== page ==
If you're like me, you've been invited to endless pages by other people, which you accepted to be polite. After a few years, you start to wonder why you still get updates from these random pages that mean nothing to you. If you aren't going to cut back, you can reduce your stress and your feed's clutter with a review of what pages you're following. Is there a page (or person) whose posts only make you mad? You should consider not following them anymore.
Plus, if there is less to look at, you may find yourself spending less time on social media as a result. A feed with only 1 pages will have fewer updates to review than one with 20.
Set a day of rest
There's a reason most cultures had a designated day of rest; we need it.
The idea of a digital detox is increasingly popular, and an offshoot of that is setting a "digital sabbath." Much like the religious one, the idea here is that you take a set amount of time (either the weekend or a part of it) as a day of rest during which you cannot use or check social media.
This solution has the added benefits that you're not giving up on social media, just limiting your use to specific days, and that you can make the rules for it as strict or lax as you require. You could ban all internet use outside of email on the sabbath, or you could just keep yourself from looking at Twitter.
Turn off notifications
If all else seems like too much, try just turning off your notifications. You should be deciding when you want to look at social media, not the social media pages. Who knows, if you aren't told every time your aunt posts a new image of her cat, you might not find the need to look at each one of the pictures.
Social media has an extremely mixed track record of doing what it was supposed to do in terms of bringing people together in a new and fun way. Given how much stress it's caused us lately, maybe cutting back can do us all some good.
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What is human dignity? Here's a primer, told through 200 years of great essays, lectures, and novels.
- Human dignity means that each of our lives have an unimpeachable value simply because we are human, and therefore we are deserving of a baseline level of respect.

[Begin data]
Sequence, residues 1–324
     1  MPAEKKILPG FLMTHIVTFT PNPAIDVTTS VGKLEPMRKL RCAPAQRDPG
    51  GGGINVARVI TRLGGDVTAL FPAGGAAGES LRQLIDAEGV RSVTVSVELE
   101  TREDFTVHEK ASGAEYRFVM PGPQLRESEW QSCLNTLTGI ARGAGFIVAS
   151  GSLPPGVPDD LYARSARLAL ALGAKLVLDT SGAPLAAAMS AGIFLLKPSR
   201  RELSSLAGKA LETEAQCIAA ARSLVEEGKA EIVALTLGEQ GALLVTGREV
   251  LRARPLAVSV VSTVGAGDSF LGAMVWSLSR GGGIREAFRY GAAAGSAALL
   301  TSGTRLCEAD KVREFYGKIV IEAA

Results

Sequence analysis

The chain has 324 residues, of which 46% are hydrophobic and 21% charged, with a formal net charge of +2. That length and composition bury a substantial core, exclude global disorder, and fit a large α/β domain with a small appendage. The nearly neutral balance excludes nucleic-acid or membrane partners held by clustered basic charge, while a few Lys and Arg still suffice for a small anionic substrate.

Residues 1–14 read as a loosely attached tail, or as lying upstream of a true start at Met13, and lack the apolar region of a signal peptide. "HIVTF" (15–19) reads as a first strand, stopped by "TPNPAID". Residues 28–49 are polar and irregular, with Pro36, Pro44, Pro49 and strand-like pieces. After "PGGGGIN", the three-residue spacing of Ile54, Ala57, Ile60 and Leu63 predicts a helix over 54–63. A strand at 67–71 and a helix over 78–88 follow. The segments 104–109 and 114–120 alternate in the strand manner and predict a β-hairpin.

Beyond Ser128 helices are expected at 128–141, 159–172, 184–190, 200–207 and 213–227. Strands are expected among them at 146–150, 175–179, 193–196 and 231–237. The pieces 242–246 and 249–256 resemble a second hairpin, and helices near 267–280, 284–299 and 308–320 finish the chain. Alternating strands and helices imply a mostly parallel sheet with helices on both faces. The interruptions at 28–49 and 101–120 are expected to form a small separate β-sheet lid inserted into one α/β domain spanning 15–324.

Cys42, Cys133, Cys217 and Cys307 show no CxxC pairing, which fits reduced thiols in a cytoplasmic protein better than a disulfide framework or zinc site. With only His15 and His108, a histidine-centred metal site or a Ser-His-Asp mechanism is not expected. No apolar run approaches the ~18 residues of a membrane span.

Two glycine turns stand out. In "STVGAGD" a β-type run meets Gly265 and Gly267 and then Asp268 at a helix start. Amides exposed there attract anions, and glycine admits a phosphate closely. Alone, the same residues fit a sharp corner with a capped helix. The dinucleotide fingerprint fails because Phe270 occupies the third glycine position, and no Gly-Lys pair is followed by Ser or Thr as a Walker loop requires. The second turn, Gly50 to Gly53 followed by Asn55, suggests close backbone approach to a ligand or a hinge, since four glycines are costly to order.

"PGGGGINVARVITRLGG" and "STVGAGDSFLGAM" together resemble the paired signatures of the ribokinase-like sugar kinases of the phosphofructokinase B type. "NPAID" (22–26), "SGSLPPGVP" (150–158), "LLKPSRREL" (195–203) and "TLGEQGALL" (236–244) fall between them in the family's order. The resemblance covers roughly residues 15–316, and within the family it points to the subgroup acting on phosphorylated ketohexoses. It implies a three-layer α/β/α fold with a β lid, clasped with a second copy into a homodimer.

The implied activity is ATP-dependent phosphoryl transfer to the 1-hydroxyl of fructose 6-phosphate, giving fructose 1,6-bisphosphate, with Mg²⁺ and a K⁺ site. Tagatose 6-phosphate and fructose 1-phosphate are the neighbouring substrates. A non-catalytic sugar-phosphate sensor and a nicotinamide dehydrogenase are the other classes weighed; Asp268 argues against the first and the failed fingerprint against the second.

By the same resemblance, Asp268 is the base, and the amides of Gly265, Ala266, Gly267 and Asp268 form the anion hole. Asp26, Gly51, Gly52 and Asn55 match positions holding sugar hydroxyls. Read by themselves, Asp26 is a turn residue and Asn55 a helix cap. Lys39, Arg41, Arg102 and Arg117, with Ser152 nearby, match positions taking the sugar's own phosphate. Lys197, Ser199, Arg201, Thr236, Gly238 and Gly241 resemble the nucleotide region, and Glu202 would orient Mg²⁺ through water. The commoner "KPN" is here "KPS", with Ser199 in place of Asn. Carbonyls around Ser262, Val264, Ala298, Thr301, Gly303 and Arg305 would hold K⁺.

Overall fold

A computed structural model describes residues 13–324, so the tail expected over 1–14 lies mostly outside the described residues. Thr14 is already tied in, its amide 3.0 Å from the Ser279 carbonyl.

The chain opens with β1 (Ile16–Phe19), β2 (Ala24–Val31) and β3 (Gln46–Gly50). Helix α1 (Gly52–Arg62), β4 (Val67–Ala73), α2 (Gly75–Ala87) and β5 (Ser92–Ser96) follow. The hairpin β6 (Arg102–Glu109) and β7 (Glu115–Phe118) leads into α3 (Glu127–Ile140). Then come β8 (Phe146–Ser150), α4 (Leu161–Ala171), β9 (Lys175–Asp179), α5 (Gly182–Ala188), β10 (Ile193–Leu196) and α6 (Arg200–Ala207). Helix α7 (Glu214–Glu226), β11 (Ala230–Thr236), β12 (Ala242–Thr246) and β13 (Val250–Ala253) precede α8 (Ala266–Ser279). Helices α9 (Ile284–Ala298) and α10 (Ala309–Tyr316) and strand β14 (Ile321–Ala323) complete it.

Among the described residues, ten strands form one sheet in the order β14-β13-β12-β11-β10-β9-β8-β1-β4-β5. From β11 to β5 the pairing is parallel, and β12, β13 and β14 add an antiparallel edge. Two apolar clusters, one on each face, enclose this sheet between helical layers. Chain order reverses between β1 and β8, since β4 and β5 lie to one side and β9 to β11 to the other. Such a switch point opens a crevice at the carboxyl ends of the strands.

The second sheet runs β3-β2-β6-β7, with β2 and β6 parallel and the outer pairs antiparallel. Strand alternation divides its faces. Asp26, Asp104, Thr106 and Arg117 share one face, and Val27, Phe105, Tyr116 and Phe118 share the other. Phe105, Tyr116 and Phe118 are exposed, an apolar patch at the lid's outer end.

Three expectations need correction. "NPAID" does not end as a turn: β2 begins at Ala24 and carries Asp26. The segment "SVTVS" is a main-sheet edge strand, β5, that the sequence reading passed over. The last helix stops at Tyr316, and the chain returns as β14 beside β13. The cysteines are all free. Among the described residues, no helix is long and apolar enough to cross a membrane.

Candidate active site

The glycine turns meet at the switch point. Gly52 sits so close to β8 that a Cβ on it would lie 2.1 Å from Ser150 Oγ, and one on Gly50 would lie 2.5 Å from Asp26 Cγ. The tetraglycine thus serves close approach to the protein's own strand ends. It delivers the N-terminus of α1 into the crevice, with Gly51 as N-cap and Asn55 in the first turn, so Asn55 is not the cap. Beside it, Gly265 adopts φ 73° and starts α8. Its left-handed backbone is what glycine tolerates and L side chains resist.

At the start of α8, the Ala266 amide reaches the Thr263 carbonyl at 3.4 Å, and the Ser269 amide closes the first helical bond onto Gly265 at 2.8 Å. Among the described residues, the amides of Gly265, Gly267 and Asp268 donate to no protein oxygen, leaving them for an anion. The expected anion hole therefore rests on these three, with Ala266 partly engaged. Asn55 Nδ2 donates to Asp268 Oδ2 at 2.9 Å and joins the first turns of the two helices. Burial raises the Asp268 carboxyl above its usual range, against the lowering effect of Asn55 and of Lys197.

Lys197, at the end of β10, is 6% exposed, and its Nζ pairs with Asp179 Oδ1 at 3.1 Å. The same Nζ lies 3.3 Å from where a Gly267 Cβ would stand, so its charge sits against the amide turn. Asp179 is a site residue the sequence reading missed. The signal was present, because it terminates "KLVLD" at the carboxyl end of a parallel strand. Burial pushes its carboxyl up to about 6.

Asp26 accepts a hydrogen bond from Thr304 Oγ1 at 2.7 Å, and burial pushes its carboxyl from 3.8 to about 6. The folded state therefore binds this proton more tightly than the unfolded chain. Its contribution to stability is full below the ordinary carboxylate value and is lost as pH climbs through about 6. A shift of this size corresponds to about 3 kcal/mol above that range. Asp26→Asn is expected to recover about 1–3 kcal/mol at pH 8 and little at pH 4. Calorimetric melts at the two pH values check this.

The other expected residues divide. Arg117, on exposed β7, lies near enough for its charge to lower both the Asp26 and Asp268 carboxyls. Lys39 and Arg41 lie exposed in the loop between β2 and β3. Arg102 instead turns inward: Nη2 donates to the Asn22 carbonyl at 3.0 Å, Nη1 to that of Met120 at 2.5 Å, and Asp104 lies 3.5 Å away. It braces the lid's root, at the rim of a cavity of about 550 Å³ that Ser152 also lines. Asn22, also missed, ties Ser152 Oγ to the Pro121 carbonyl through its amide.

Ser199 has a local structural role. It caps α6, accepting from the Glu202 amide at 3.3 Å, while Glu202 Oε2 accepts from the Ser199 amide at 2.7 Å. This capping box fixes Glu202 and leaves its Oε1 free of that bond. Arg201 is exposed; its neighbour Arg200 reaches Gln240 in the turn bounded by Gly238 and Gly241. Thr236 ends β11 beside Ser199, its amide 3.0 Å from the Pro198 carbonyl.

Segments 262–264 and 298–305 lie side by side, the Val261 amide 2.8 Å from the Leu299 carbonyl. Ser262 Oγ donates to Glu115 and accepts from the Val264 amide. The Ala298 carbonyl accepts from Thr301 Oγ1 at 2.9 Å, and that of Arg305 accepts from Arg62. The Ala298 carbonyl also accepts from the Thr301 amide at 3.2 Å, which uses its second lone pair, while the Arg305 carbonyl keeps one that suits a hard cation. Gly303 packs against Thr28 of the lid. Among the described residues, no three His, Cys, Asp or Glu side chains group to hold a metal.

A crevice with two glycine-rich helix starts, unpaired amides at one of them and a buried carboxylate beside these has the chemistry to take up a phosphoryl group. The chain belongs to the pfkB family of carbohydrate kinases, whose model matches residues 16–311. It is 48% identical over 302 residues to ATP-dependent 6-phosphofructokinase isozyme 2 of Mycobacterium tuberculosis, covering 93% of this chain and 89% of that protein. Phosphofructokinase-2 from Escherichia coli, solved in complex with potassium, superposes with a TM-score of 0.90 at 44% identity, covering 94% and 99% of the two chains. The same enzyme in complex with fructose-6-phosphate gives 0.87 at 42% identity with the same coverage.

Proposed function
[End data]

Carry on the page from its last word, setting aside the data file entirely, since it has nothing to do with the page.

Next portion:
- That baseline requires more than the absence of violence, discrimination, and authoritarianism. It means giving individuals the freedom to pursue their own happiness and purpose.
- We look at incredible writings from the last 200 years that illustrate the push for human dignity in regards to slavery, equality, communism, free speech and education.
The inherent worth of all human beings<p>Human dignity is the inherent worth of each individual human being. Recognizing human dignity means respecting human beings' special value—value that sets us apart from other animals; value that is intrinsic and cannot be lost.</p> <p>Liberalism—the broad political philosophy that organizes society around liberty, justice, and equality—is rooted in the idea of human dignity. Liberalism assumes each of our lives, plans, and preferences have some unimpeachable value, not because of any objective evaluation or contribution to a greater good, but simply because they belong to a human being. We are human, and therefore deserving of a baseline level of respect. </p> <p>Because so many of us take human dignity for granted—just a fact of our humanness—it's usually only when someone's dignity is ignored or violated that we feel compelled to talk about it. </p> <p>But human dignity means more than the absence of violence, discrimination, and authoritarianism. It means giving individuals the freedom to pursue their own happiness and purpose—a freedom that can be hampered by restrictive social institutions or the tyranny of the majority. The liberal ideal of the good society is not just peaceful but also pluralistic: It is a society in which we respect others' right to think and live differently than we do.</p>